FRISCO, Texas – Reality sets in eventually, though it happens at different times.
Perhaps some of the Cowboys realized it as soon as Mason Crosby's game-winning field goal snuck inside the left goal post on Sunday. Others may have realized it when they met as a team for the final time on Monday morning. It's a good bet that the truth hasn't hit home for plenty of players bidding farewell to the season.
Whatever the coping process might be, it had to have been aided by the sights at The Star on Monday. Exit interviews, garbage bags and empty lockers – the signs of a finished season.
"It's sinking in," said Dak Prescott on Monday afternoon. "It sucks. It stinks."
Prescott undoubtedly spoke for the rest of his locker room, but it'd be hard to know for sure. Monday was the final time the Cowboys' locker room will be open to the media until the spring, but most of the roster had already cleared out. The rookie quarterback spoke at length, along with a handful of comments from a few other players.
"A feeling like this never goes away," Prescott said. "Knowing how special this team was, a group of guys, a group of men on this team -- it was truly special."
That was the overarching message of Monday's limited availability. The offseason will kick into gear in no time, with the Cowboys' coach staffing the Pro Bowl, while their personnel department heads off to the Senior Bowl.
But in one way or another, this Cowboys club that won 13 games and nabbed the No. 1 seed in the playoffs will never be together again. As dramatic as it might sound, Monday likely marked the last day that every member of this team will be together in the same room again.
"That's the nature of our business, unfortunately," said Cowboys coach Jason Garrett. "One of the things you try to do is you try to have a core group of guys that you bring together who are the foundation of your team from year to year."
Fittingly, Prescott represents the best-case scenario of that goal. The Cowboys have been stockpiling talented young playmakers for several years in the likes of Dez Bryant, Sean Lee, Tyron Smith, Travis Frederick and Zack Martin. Ezekiel Elliott obviously belongs on that list after a breakout rookie season at just 21 years of age.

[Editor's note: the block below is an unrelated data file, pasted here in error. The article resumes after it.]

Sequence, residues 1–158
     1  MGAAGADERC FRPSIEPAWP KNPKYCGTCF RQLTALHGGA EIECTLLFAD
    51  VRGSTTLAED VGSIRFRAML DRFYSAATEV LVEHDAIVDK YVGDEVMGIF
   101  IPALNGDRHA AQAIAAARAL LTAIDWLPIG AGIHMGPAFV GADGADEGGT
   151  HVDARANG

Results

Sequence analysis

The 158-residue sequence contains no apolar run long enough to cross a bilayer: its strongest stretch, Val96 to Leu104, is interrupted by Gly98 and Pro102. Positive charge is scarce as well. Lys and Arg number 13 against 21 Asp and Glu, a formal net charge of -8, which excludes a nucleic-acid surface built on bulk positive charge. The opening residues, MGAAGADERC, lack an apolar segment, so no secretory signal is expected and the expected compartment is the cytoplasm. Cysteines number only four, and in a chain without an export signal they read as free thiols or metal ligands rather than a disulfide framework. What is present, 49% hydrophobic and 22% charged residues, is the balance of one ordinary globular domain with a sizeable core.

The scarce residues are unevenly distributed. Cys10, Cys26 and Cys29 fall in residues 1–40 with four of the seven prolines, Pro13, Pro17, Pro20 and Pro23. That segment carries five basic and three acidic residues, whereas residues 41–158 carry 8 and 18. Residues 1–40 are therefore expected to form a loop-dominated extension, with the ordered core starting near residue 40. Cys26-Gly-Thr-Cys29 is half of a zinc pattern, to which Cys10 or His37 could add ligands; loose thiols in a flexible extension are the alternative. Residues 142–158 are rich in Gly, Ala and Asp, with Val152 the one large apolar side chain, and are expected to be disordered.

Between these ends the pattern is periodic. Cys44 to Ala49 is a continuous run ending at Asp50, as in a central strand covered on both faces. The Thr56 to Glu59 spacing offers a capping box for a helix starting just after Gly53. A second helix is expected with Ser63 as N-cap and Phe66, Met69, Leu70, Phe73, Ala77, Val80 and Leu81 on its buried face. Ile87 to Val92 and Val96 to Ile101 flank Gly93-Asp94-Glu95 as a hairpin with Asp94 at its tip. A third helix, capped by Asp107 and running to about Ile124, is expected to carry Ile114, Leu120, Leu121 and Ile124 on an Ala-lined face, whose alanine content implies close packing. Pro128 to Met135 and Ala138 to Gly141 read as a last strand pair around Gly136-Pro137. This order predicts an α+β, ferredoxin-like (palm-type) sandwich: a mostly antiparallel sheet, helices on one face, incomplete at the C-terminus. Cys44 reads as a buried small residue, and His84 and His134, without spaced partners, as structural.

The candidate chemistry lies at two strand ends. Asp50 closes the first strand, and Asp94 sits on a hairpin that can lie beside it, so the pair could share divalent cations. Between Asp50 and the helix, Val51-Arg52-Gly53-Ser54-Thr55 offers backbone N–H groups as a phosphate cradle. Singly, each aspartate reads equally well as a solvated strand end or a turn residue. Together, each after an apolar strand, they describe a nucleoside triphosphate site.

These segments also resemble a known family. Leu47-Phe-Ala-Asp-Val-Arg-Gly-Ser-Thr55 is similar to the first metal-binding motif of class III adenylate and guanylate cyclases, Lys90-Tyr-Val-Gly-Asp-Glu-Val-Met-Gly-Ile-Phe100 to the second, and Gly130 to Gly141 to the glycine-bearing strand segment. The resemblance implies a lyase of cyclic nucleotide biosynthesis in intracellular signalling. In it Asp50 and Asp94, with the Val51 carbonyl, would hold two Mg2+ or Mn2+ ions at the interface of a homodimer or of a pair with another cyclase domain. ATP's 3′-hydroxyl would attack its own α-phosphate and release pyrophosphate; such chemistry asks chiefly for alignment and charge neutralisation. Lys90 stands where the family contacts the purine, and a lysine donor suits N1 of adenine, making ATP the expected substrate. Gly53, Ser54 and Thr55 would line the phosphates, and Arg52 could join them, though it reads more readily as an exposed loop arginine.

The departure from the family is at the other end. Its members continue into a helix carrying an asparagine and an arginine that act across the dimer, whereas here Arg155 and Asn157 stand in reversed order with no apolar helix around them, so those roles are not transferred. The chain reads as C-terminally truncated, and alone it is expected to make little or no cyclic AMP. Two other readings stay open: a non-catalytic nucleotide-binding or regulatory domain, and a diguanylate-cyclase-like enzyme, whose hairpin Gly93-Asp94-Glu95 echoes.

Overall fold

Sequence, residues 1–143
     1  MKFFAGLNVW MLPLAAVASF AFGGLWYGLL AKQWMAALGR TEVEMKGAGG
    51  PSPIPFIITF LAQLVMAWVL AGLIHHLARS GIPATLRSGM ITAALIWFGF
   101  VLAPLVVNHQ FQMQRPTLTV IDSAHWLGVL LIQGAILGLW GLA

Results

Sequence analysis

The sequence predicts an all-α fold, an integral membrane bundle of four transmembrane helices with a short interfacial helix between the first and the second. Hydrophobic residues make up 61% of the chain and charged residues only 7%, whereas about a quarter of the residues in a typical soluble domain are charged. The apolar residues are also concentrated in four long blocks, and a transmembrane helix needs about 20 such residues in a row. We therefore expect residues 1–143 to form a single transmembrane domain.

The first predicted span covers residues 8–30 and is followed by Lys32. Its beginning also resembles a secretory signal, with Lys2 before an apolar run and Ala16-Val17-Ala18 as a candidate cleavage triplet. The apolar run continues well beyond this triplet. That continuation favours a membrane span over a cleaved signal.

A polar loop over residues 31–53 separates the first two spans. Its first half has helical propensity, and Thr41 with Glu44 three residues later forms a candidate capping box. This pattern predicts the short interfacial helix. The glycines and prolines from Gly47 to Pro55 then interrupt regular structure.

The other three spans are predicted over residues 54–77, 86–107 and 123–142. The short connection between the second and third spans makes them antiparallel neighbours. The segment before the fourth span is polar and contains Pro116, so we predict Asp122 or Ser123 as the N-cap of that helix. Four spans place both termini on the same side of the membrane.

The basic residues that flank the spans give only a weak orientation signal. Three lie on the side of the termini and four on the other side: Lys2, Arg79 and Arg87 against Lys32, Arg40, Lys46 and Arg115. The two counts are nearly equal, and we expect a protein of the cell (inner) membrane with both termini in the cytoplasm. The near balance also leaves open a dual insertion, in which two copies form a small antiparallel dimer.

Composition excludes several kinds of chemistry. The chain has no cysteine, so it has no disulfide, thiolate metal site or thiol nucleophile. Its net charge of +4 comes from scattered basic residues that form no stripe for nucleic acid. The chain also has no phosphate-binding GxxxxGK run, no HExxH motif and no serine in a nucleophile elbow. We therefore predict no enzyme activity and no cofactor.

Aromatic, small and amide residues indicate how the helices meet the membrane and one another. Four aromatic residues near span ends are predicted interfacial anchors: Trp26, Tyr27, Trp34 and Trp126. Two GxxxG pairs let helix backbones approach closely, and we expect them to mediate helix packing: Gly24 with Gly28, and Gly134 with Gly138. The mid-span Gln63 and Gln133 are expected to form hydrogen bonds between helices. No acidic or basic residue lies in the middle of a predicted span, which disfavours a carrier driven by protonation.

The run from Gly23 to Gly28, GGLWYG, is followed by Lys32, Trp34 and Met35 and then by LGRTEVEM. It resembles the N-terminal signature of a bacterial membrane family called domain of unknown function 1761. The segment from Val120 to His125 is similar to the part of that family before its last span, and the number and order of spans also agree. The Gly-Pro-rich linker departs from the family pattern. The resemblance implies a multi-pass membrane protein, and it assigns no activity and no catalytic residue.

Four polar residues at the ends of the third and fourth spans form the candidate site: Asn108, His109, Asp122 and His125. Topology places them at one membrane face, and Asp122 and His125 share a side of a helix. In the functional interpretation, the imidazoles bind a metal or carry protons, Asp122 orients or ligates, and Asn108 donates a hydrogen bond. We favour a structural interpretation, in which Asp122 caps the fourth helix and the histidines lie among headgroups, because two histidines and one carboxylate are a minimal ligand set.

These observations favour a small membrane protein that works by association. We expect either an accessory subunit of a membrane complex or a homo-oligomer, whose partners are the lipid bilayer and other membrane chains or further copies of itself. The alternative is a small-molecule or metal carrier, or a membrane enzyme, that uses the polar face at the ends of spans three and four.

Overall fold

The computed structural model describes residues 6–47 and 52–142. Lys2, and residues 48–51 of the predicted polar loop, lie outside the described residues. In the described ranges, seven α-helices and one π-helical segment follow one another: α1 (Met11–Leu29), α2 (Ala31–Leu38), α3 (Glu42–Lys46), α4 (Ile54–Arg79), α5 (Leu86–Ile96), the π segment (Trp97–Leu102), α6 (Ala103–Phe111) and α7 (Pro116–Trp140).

But Prescott, just 23 himself, offers the Cowboys a long-term answer at the quarterback position – which is a question that has troubled this franchise for many years.
However good that might sound for the future, it has to feel a bit hollow right now. That goes for Prescott, as well, as he repeatedly noted that he'll no longer be playing with many members of a team that saw so much success.
"Just knowing this is your last time playing with some of these guys, and the uncertainty of that," he said. "Which guys are going to be here, which guys aren't, which guys – this is probably your last time dapping them off or shaking their hands as a teammate. That's the toughest part for me."
The sting will lessen as the offseason advances, as the Cowboys maneuver to put their 2017 team in place. Current players will take their time away, before returning for an entirely new challenge. Before any of that happens, though, it felt fitting that Prescott said 2016 provided him some of the highest highs and lowest lows of his life.
"The feeling of losing and knowing this team, as I said, won't be back together," he said. "But it's definitely up there just in the season we had, the run we made, the investment we put into each other, the investment in this game and our playbook and our coaches – it was special. It was fun to be a part of."